Format

Send to

Choose Destination
Head Neck. 2001 Oct;23(10):860-70.

Nicotine affects the signaling of the death pathway, reducing the response of head and neck cancer cell lines to DNA damaging agents.

Author information

1
UCSD Cancer Center 0058, University of California, San Diego, 9500 Gilman Drive, La Jolla, California 92093-0058, USA.

Abstract

BACKGROUND:

Growing evidence suggests that tobacco can affect the responsiveness of cancer cells to treatment, particularly those of head and neck cancer. This article describes the effects of nicotine on the signaling of the death pathway, resulting in a decreased cytotoxicity of various anticancer agents such as cisplatin and gamma-radiation.

METHODS:

Colony-forming assays (CFA), using the head and neck cancer cell lines UMSCC10b and UMSCC5 and DNA fragmentation assays, were used to determine the effect of nicotine on cytotoxicity of various anticancer agents, whereas PCR and a JNK activity test were used to study the effect of nicotine on message expression levels and activity of the JNK signaling pathway.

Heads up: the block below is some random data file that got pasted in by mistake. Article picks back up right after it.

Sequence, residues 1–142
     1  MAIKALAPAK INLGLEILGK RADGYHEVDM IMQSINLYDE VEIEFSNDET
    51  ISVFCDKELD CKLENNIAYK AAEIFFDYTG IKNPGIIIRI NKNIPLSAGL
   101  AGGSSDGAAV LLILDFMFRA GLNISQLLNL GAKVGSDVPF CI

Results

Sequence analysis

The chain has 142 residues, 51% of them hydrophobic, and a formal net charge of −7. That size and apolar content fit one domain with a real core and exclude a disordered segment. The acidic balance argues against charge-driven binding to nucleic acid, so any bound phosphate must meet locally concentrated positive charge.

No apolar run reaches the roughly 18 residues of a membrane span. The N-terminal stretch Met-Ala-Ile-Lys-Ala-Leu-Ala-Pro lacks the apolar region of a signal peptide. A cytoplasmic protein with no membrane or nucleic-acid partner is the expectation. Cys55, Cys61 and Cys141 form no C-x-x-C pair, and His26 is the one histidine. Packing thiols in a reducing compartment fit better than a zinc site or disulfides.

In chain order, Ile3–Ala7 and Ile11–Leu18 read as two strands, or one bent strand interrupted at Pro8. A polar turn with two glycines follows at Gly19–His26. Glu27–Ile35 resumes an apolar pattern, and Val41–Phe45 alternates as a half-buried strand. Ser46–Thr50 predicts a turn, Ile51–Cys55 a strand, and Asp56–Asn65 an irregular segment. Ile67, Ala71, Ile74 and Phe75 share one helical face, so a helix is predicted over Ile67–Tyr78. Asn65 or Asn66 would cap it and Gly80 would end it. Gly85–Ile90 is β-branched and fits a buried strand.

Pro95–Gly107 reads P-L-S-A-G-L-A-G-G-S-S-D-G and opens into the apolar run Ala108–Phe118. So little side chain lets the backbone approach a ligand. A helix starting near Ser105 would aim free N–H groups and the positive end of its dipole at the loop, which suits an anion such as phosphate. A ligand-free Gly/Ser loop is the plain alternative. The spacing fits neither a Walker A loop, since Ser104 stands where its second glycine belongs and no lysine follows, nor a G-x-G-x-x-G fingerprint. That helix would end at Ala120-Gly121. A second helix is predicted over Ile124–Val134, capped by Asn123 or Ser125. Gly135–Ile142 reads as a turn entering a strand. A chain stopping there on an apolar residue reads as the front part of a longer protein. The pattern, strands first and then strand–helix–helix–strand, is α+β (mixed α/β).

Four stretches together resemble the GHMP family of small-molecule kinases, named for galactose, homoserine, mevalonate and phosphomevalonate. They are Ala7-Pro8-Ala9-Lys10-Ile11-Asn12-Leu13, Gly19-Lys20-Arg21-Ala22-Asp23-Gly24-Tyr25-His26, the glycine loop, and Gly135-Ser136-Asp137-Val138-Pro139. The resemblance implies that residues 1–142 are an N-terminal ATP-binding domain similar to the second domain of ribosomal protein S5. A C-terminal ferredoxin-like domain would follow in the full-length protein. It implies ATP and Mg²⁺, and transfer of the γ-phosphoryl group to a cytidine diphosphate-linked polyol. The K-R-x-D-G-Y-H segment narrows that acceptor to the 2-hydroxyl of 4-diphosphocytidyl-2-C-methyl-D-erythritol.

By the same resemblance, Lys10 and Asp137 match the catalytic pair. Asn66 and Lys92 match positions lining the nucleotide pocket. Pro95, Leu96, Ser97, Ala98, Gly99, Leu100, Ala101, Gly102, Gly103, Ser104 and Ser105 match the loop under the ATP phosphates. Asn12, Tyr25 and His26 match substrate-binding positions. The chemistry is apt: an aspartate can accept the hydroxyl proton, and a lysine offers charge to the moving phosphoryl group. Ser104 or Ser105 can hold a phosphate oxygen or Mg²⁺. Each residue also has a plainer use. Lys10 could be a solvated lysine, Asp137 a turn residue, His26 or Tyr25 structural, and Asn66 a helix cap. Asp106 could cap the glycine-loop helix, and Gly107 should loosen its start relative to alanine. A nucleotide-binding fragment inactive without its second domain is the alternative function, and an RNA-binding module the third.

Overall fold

RESULTS:

Nicotine consistently reduced the cytotoxic effect of DNA-damaging agents, such as cisplatin, UV, and gamma radiation, in UMSCC10b cells, increasing their IC(50) values by twofold, 1.7-fold, and 1.8-fold, respectively. These results were confirmed in a second squamous cell carcinoma cell line (UMSCC5), demonstrating an increase in IC(50) values for cDDP by twofold and 1.9-fold in the UMSCC10b andUMSCC5, respectively. In addition, nicotine reduced the DNA fragmentation 48 h after cDDP exposure in UMSCC10b and UMSCC5 cell lines by 30% and 33%, respectively. The latter, however, was not the result of an effect of nicotine on either the uptake of cDDP or repair of the cDDP-DNA-adducts. To further substantiate the adverse effect of nicotine, the JNK and gadd153 signaling pathways were studied. JNK activity was decreased by 1.8-fold, as well as the expression of its downstream target c-jun (1.9-fold), when tumor cells were exposed to cisplatin in the presence of nicotine. In addition, the gadd153 message was affected and reduced by 1.8-fold.

CONCLUSIONS:

Nicotine adversely affects the cytotoxicity of DNA-damaging agents. Nicotine does not interfere with the repair of the damage but directly affects the signaling of the death pathway, reducing the signaling of the JNK1 pathway. The latter results in a decrease in efficacy of the anticancer treatment in tumors exposed to nicotine.

PMID:
11592233
DOI:
10.1002/hed.1125
[Indexed for MEDLINE]

Supplemental Content

Loading ...
Support Center